Whether it’s beautifully arranged plant-based dishes on Instagram, animal rights billboard campaigns, or lengthy features in Sunday supplements of our national newspapers, veganism is increasingly present in our lives.

As this ethics-driven lifestyle has made its way from health food shops to mainstream supermarkets, retailers are starting to take notice.

Plant-based revolution

A new vegan range from Danish innovators Naturli’ Foods has just entered the British market – and Sainsbury’s has put a twist on it by placing the products shoulder-to-shoulder with conventional meat.

This is a first in retail innovation, as most supermarkets decide to throw vegan items into the ‘free from’ aisle or designate an exclusive section for all those ‘special’ vegan products.

But we vegans don’t feel that special!

We want others to try vegan food and fall in love with how delicious, nutritious and cruelty-free it is. We can’t do that if we’re constantly given exclusive ‘vegan only’ supermarket aisles that non-vegans are afraid to wander into.

Not just for vegans

Vegan products are suitable for most diets and religions, and often constitute a safe food option for all. A vegan offering makes clear commercial sense; it opens up the potential market to not only half a million vegans in Britain, but also to a million more vegetarians, the huge number of meat and dairy reducers, the lactose intolerant, followers of certain religious groups, the health-conscious, and others who simply enjoy vegan food from time to time.

It’s refreshing to see Sainsbury’s recognizing that vegan food is just, well, regular food, and giving it a spot in their stores right where the customer would expect to find it. In the US, placing the plant-based Beyond Burger next to conventional meat proved to increase sales for the vegan meat alternative.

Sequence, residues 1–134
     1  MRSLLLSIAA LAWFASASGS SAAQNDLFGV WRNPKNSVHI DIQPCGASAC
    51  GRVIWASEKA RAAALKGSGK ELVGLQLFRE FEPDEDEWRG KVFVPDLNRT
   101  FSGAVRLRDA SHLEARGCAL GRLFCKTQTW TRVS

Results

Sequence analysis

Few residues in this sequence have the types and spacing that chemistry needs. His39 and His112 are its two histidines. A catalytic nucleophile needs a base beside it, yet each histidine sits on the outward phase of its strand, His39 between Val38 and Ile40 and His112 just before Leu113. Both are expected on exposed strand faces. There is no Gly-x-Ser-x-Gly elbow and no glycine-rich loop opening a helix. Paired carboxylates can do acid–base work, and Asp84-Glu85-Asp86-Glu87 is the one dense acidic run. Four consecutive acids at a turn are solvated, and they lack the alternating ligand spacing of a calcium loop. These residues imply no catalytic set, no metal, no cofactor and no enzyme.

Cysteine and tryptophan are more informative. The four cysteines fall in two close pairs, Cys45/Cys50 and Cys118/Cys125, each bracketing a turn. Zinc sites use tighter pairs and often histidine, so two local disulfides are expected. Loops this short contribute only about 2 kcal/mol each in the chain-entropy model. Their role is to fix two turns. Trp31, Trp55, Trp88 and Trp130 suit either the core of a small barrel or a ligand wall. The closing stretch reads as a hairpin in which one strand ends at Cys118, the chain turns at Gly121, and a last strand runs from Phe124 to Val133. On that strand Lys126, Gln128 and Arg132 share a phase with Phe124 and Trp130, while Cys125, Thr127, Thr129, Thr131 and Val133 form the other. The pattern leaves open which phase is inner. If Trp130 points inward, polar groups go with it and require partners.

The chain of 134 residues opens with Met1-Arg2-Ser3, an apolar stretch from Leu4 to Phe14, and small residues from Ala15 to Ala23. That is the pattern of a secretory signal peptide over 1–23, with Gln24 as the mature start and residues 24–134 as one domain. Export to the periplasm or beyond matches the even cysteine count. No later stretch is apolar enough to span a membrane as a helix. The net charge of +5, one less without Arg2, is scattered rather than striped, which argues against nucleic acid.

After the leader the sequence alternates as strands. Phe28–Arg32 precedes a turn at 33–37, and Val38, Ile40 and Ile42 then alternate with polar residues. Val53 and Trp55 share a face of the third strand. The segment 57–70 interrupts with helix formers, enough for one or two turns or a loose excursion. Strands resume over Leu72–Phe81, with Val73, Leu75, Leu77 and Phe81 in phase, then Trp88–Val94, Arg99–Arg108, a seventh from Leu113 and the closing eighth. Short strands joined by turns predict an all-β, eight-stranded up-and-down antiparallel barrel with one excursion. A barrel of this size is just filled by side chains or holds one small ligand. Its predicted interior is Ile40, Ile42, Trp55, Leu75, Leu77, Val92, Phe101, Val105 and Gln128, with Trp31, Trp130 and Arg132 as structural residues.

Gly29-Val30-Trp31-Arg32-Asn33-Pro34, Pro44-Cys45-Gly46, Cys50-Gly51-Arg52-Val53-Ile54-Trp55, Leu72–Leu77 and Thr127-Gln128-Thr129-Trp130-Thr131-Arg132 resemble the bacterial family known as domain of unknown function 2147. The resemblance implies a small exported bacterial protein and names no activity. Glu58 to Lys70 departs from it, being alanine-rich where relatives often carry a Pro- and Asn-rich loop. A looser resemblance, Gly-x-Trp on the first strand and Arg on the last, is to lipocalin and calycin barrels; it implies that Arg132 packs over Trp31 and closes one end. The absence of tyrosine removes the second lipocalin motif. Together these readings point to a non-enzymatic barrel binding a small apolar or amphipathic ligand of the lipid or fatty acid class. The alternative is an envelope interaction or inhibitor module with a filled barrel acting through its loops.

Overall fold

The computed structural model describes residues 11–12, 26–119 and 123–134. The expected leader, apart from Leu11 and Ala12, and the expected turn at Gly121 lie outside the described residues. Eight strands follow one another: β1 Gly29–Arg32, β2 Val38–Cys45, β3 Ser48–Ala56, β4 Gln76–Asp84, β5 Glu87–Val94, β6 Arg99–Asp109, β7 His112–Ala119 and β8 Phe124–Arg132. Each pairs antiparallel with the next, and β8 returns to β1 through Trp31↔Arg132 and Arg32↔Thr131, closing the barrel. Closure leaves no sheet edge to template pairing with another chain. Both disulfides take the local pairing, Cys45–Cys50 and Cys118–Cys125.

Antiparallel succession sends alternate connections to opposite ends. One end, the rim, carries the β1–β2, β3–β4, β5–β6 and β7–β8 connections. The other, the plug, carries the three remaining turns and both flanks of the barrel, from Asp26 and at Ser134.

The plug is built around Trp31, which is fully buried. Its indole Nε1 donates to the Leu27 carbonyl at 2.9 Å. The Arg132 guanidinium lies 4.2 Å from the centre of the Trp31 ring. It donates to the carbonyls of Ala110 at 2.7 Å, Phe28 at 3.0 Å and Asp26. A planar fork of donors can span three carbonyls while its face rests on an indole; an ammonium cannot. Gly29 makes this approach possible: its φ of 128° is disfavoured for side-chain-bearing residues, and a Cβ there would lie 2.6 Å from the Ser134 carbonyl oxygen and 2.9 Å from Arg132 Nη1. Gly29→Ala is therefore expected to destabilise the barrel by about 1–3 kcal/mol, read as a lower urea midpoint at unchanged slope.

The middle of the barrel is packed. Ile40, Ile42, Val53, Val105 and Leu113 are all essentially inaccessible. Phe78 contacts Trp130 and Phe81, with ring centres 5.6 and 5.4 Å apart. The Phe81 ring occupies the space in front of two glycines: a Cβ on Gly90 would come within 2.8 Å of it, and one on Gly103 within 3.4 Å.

Walking past the meat aisle is one of my least favourite things to do but if it means more non-vegans will be tempted by vegan products, I’m all for it.

Far from being a fad

It’s incredible that the word ‘vegan’ didn’t even exist until 1944 when The Vegan Society’s co-founder coined it, but can now be seen on menus and products around the world. With the constantly growing level of interest in our lifestyle, we’re glad that everyone is beginning to understand why we ‘can’t just have the cheese sandwich’.

Our decision does not come from a desire to be difficult or a need to be noticed, but from a deep-seated belief that veganism is the best choice for animals, the planet and our health. This landmark move by Sainsbury’s positions veganism as a mainstream lifestyle, not the marginalized choice it was once misinterpreted as.

No more excuses

With the huge number of people moving towards a compassionate, more sustainable and healthier plant-based diet, it’s not just vegans who buy vegan food. Some of us (myself included) do like the taste of meat, but we think an animal’s life is worth much more than our five minutes of pleasure. Easily accessible alternatives to meat enable people to enjoy the flavours and textures they’re used to eating but without harming animals.

Last year, a VoucherCodesPro study found liking the taste of meat was a top excuse (81%) as to why people don’t go vegan. Convenience and taste are often quoted as reasons but the reality now is that it takes a split second for your hand to reach for the vegan alternative instead of meat.

Is there really an excuse not to go vegan right now?


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About the Author

Dominika Piasecka

Media and PR officer, The Vegan Society
As media and PR officer at The Vegan Society, and passionate animal rights activist, Dominika Piasecka delivers information about veganism to new audiences, inspiring people to change their lifestyle to benefit animals, the planet and their own health.

Articles by Dominika Piasecka
Dominika Piasecka
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